I'm working out of a hotel with somewhat poor internet. I need to download a large 5 gig file. It looks like the estimate is about a day. I'm sure this will probably have 2 issues, the connection itself being interrupted at some point AND even if the download completes, it may be corrupted due to the nature of http.

Aside from discussion of how and why this is, is there an actual solution in my given situation? I think my biggest problem is corruption, is there an http client which can prevent that altogether?

Details of my machine: Acer Aspire "Timeline" M5 Model number: -581TG (I bought it from the official Acer store in Thailand, Pantip Plaza). It has the default network drivers on it:

  • Broadcome 802.11n Network Adapater (version, 3/19/2012)
  • Broadcom NetLink (TM) Gigabit Ethernet
  • Microsoft Virtual WiFi Miniport Adapter (version 6.1.17600.16385, 6/21/2006)
  • sound more like a driver problem. had also sometimes corrupted downloads and interrupting wifi connections using old drivers from atheros and broadcom. try a driver update.
    – metadings
    Jan 8 '13 at 16:12
  • The wifi issue is surely the hotel/area I am in. It's just in an area that is not as modernized (south east Asia).
    – Zombies
    Jan 8 '13 at 16:14
  • 2
    @Zombies - There are lots of programs that were designed to resume downloads of tis nature. I would use one of those. Beyond that if the connection is not stable there isn't much you can do.
    – Ramhound
    Jan 8 '13 at 16:28
  • What operational system are you using? Jan 11 '13 at 15:15
  • Windows 7. The question can be cross OS though, answers for any OS are acceptable.
    – Zombies
    Jan 12 '13 at 2:35

The CLI tools cURL and Wget both have resume which will pick up where they left off, assuming the HTTP server itself supports HTTP range requests.

curl -C - http://...
wget --continue http://...

I have found both to be reliable. And with the bandwidth limiting feature it means you can set long-running downloads to use less than your average bandwidth so the connection is still usable for other purposes.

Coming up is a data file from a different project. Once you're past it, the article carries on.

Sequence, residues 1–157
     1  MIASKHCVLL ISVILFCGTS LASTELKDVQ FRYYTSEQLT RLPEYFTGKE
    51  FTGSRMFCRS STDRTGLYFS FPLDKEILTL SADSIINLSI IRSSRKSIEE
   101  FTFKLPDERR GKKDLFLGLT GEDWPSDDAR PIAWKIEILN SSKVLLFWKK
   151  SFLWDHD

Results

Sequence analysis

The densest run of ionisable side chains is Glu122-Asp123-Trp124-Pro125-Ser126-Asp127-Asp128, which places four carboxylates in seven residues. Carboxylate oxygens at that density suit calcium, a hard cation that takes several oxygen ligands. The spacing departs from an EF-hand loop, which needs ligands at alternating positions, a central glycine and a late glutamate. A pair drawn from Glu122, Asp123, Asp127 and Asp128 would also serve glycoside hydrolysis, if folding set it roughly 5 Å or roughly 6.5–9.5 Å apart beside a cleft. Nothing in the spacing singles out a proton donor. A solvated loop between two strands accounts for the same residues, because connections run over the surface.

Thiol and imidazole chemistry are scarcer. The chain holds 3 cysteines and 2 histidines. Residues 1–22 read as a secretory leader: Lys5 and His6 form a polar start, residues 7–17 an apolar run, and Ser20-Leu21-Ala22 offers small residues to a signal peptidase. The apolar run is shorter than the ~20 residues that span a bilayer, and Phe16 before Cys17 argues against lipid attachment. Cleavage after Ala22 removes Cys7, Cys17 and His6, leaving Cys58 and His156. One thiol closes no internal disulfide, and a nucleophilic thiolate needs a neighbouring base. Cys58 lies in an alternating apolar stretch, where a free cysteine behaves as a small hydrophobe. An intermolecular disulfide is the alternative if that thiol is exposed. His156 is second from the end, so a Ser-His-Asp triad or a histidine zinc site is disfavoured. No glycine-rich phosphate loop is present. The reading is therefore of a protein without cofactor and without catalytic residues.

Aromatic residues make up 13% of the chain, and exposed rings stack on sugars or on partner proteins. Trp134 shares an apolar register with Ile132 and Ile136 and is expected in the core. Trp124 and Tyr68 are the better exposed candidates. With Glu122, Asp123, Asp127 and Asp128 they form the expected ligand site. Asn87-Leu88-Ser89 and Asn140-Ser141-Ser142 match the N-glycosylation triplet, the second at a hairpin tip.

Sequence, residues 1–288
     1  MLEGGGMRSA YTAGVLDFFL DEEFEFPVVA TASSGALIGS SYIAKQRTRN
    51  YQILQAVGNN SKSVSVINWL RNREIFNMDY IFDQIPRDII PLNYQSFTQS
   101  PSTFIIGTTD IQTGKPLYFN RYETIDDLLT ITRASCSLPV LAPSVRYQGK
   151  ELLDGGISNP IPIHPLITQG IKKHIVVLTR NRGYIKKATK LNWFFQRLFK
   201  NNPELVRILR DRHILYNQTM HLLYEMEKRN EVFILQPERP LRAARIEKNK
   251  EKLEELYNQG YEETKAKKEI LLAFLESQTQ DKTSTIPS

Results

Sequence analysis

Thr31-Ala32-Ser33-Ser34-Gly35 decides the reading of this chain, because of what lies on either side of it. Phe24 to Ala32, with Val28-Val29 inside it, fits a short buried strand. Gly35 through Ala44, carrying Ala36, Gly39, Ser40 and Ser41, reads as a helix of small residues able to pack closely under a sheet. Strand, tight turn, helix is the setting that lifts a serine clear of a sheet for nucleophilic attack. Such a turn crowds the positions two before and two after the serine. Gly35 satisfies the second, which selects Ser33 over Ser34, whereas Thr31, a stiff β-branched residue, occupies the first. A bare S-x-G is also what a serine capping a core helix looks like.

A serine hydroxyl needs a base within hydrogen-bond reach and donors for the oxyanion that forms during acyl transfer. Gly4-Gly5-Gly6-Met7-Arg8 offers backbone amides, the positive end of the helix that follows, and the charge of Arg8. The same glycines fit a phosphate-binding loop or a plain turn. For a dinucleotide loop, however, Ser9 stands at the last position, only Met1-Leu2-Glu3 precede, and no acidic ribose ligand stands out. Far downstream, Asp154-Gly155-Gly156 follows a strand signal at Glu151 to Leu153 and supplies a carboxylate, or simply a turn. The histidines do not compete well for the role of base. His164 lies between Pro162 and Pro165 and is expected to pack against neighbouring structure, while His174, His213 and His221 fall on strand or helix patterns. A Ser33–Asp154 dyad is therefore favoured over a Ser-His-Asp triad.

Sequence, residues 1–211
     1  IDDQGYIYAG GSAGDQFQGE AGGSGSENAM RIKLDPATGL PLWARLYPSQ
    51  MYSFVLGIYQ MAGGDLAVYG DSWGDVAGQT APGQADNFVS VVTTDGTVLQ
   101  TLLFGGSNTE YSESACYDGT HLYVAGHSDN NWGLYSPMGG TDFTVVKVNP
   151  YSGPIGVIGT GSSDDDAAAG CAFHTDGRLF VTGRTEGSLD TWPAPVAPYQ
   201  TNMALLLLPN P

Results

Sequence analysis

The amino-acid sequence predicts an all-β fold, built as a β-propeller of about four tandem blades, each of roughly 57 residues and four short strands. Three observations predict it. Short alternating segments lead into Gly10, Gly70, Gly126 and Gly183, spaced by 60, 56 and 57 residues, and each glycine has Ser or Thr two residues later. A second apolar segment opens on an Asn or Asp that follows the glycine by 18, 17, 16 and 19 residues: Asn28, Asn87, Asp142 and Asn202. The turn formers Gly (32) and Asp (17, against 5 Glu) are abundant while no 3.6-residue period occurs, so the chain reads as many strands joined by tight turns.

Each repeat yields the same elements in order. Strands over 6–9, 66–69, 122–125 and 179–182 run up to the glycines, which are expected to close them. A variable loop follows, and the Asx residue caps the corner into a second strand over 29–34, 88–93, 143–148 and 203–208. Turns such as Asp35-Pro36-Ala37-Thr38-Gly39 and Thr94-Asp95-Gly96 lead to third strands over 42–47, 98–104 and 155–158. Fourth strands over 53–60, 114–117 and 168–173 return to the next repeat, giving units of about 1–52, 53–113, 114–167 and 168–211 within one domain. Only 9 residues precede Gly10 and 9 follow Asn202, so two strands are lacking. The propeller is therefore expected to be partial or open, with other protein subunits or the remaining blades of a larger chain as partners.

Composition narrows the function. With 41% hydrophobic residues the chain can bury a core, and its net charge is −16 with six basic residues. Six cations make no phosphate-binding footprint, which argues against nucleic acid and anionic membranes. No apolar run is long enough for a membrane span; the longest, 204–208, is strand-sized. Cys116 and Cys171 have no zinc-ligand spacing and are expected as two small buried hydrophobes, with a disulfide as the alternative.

There's no HTTP solution for corrupt downloads, HTTPS is more likely to notice certain problems though. The only thing you can do is verify checksums or signatures at the end of the download.

The simplest protocol I'm aware of that could solve your problem is BitTorrent, with rsync a close second.


I can't offer a solution for the corruption problem, but to download a large file and be able to gracefully handle dropped connections, I use wget. It's got a -c switch that will let you resume downloads. I agree with metadings that file corruption may be caused by a bad driver. TCP has a checksum built into it, so your hardware should be detecting bad checksums and re-requesting those packets.


For large file streaming I wrote for myself a command line tool that can also handle broken download connections. I did not released it yet, but you can use it. Written in c++ win32 API only.

Supports FTP/HTTP/HTTPS Large files, specifically for pre/downloading videos (mkv,avi,mp4,...) Partial read/wirte from and into files Random access download (allow you to resume a download at certain position)

dload v1.0 (http/ftp downloader)

Update: New version 1.5
dload v1.5


To manage downloads and resume interrupted downloads:

To test the integrity of the download:


Use a method that reduces the chances of the file being corrupted, and is able to deal with connection interruptions. I know two:

If possible, if I were you, I'd try to plug the computer with an Ethernet cable. Always the most stable option against wi-fi.

Now, nothing is perfect, and it's always possible to have issues. But I think this is your best bet. Also, if you're not sure the download was successful, you can check the integrity of your file with hash thingies. Not sure how they're called anymore. Anyway, those checksum things.

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